Then, as our focus shifts from these former idols to Almighty God and His ultimate supremacy, we begin to engage in active worship.
Not just passive listening to worship or singing apathetically…
But purposeful, active worship:
- Singing out
- Clapping your hands
- Leaping and twirling
- Shouting out God’s praises
- Declaring out loud who He is
- Foolishly boasting about God
And while you may think this sounds utterly crazy, there is no denying that this is what this Psalm is not just talking about, but commanding us to do!
Worship is a powerful weapon of spiritual warfare that defeats the enemy and completely nullifies His plan of destruction for our lives.
It binds him up and renders him powerless over us!
Dear sister, you do not have to remain under the burden of your sorrow, brokenness, anxiety, or depression one day longer.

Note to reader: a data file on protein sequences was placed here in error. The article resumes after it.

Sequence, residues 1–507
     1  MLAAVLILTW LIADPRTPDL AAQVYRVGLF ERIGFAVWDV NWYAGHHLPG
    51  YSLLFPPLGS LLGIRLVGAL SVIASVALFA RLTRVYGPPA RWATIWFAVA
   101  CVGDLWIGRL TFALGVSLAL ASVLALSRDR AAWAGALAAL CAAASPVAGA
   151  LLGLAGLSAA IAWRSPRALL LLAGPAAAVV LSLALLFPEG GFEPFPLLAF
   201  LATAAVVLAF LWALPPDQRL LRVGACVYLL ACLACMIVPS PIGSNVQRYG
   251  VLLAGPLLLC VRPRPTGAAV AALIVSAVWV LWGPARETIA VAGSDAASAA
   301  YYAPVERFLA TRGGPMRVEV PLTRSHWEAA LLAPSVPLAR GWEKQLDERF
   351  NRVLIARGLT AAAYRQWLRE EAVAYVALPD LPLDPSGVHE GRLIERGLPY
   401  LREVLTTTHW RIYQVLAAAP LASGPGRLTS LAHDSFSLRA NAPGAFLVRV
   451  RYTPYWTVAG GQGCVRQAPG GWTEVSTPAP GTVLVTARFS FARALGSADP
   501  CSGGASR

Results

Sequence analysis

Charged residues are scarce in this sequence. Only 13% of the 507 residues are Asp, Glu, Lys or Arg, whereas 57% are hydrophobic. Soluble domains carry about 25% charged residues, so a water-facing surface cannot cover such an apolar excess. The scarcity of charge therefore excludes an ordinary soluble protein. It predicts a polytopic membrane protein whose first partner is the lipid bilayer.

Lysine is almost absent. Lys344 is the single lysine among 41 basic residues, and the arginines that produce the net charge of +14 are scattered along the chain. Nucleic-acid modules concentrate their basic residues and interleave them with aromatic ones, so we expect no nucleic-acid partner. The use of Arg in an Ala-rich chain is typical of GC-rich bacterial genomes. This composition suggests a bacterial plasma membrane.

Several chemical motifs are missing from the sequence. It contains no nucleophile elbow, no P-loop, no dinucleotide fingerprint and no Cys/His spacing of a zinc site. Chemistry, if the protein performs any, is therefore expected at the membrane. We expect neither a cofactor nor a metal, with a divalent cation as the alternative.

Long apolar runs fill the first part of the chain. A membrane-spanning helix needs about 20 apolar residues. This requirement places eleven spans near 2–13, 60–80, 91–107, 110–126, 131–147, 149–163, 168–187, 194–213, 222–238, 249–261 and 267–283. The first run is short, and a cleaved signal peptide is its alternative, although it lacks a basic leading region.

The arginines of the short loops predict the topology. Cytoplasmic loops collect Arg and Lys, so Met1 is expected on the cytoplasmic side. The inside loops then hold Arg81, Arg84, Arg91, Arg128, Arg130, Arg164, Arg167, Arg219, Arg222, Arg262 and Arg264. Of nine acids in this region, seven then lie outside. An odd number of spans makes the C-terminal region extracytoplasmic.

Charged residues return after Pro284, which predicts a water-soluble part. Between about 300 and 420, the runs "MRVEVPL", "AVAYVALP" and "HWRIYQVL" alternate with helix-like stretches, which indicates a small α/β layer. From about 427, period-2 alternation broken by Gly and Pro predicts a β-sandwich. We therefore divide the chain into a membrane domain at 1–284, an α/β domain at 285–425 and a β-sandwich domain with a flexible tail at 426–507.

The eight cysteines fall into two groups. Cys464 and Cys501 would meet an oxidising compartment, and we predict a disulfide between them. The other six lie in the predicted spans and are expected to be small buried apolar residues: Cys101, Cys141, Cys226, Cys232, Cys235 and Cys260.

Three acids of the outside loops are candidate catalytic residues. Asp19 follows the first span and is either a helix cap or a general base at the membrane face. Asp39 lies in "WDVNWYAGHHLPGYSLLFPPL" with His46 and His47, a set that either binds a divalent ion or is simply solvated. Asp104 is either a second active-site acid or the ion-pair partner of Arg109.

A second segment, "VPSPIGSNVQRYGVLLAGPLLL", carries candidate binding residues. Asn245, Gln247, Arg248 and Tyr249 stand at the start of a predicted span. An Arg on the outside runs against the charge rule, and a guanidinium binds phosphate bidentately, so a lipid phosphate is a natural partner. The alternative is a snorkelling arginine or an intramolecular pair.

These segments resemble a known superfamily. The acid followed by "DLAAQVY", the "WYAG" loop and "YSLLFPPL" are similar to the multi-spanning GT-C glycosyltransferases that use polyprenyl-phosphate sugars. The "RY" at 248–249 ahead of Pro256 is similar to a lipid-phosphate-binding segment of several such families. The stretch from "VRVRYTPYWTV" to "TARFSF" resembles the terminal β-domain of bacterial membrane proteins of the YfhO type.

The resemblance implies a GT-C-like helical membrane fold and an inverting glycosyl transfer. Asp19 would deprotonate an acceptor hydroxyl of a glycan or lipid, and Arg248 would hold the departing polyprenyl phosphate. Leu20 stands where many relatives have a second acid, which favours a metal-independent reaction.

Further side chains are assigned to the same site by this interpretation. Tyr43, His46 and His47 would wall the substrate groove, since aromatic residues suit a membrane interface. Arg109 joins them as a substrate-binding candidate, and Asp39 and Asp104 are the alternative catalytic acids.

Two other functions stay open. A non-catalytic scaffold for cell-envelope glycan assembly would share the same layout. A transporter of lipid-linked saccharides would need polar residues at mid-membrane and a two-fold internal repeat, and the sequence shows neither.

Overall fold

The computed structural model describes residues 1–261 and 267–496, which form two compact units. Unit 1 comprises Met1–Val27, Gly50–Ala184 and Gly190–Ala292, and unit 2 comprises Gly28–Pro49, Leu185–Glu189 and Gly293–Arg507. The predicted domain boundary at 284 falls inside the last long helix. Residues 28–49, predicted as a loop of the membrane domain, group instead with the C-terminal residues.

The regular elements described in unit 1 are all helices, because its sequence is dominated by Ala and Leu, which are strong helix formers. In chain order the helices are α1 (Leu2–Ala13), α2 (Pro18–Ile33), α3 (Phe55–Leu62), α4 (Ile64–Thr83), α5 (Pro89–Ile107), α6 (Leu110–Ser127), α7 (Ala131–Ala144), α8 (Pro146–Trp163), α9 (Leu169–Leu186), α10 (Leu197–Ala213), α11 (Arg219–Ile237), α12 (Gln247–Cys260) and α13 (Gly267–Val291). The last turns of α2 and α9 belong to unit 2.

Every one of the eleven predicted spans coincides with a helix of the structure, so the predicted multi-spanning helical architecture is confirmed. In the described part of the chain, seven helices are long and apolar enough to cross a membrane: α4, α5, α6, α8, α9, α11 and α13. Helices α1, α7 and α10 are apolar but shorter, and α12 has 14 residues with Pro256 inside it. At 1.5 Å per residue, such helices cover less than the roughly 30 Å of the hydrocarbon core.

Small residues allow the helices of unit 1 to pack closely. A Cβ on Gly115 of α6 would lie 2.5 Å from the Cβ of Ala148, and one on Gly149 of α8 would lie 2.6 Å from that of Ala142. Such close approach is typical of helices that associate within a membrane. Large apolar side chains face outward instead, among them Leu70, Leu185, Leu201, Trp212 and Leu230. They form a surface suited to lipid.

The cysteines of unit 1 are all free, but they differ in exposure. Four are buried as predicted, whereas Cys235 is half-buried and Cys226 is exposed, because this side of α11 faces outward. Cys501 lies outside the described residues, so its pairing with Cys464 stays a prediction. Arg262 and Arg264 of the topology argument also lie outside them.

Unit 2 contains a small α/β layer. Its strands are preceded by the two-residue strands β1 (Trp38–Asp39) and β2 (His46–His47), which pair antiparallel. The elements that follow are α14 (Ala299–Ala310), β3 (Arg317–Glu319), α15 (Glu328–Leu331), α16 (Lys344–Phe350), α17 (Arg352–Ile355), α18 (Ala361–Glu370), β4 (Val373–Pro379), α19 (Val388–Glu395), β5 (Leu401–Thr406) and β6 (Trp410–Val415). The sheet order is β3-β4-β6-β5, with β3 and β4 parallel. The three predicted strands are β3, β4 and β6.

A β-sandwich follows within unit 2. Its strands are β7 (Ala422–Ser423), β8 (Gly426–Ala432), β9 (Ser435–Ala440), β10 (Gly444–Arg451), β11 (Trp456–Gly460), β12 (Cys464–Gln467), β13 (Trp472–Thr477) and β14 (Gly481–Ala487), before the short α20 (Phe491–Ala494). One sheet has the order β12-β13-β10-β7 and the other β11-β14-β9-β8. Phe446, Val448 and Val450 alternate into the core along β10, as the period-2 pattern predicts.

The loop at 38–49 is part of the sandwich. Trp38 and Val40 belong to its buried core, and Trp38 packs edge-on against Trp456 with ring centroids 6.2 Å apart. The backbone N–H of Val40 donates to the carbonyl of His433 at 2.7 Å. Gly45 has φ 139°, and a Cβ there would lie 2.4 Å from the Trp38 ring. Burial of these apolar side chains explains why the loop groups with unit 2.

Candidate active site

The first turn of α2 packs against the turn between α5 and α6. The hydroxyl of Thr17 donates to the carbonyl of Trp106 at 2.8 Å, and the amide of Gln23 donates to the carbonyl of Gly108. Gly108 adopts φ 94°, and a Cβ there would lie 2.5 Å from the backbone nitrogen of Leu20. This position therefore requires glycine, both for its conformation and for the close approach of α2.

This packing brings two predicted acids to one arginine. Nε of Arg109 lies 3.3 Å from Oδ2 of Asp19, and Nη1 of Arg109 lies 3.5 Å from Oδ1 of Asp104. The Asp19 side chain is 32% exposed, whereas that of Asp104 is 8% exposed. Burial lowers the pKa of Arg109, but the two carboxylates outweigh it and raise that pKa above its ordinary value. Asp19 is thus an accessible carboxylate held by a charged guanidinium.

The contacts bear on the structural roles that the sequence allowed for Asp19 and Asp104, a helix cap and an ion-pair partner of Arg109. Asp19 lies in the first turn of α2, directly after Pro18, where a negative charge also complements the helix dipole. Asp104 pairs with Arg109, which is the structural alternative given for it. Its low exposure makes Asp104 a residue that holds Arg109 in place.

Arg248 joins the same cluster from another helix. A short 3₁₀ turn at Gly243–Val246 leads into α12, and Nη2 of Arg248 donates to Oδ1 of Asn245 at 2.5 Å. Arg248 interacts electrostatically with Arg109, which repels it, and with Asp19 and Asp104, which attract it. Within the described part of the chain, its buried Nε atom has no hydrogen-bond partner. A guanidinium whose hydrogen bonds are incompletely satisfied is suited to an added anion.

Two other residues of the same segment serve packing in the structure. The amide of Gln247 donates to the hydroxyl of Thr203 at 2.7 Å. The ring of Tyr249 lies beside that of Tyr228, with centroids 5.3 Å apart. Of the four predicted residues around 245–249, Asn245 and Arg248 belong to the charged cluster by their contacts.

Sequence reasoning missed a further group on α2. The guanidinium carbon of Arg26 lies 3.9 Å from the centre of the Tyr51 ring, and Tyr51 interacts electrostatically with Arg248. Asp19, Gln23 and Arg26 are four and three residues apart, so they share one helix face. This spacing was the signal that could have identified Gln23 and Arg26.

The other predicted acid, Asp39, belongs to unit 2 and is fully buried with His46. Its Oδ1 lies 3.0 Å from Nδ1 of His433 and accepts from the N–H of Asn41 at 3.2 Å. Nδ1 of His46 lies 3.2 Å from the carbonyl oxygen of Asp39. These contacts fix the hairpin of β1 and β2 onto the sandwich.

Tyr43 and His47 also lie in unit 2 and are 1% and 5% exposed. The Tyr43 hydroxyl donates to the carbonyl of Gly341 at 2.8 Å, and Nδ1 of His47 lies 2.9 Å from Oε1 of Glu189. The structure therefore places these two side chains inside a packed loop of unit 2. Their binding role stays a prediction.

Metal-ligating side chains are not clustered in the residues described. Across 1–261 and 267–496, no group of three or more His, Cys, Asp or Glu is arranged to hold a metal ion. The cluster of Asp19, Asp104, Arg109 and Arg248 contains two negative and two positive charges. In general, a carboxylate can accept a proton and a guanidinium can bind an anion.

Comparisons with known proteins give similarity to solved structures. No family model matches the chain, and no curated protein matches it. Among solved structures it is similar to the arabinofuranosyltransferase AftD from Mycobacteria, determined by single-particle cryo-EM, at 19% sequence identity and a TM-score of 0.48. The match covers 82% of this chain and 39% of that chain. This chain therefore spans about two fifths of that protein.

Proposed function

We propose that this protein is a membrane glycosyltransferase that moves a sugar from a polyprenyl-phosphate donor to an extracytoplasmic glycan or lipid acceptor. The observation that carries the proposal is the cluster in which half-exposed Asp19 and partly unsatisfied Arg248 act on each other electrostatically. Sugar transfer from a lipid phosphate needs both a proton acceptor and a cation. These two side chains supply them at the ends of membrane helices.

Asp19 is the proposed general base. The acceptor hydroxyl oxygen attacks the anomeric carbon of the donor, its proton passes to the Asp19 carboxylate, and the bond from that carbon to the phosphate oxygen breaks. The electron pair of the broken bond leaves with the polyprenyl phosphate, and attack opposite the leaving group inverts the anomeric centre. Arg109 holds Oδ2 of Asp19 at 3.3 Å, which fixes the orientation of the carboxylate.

Clearly, throughout God’s word we see a pattern of victory for God’s people!
He never intended for His people to live under the oppression of the enemy; but in victory over the enemy.
This doesn’t mean we won’t face battles in our lives — and maybe even long, intense battles.
But the end should always be victory.
He has given you spiritual weaponry: His Word, prayer, and worship. These are mighty weapons to the pulling down of strongholds.
Victory is guaranteed to you.
All you need to do is begin taking every thought captive, rise up in your authority as a saint of God, and begin driving back your enemy until you win the battle!
This post is part of the Blogging Through the Bible series with Good Morning Girls